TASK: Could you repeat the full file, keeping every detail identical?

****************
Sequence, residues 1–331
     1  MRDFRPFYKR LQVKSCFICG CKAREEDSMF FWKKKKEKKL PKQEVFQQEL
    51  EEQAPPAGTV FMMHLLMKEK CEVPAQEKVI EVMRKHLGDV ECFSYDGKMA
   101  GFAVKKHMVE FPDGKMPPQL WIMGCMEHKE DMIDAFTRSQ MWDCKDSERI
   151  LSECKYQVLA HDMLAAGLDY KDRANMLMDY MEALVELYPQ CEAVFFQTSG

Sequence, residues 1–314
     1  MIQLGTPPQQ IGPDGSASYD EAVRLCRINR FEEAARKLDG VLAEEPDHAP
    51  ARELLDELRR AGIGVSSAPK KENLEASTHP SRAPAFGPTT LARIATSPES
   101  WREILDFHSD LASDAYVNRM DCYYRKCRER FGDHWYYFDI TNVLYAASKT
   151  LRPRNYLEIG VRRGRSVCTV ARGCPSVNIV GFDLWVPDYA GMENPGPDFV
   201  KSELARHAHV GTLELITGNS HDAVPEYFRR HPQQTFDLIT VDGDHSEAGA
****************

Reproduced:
Sequence, residues 1–331
     1  MRDFRPFYKR LQVKSCFICG CKAREEDSMF FWKKKKEKKL PKQEVFQQEL
    51  EEQAPPAGTV FMMHLLMKEK CEVPAQEKVI EVMRKHLGDV ECFSYDGKMA
   101  GFAVKKHMVE FPDGKMPPQL WIMGCMEHKE DMIDAFTRSQ MWDCKDSERI
   151  LSECKYQVLA HDMLAAGLDY KDRANMLMDY MEALVELYPQ CEAVFFQTSG

Sequence, residues 1–314
     1  MIQLGTPPQQ IGPDGSASYD EAVRLCRINR FEEAARKLDG VLAEEPDHAP
    51  ARELLDELRR AGIGVSSAPK KENLEASTHP SRAPAFGPTT LARIATSPES
   101  WREILDFHSD LASDAYVNRM DCYYRKCRER FGDHWYYFDI TNVLYAASKT
   151  LRPRNYLEIG VRRGRSVCTV ARGCPSVNIV GFDLWVPDYA GMENPGPDFV
   201  KSELARHAHV GTLELITGNS HDAVPEYFRR HPQQTFDLIT VDGDHSEAGA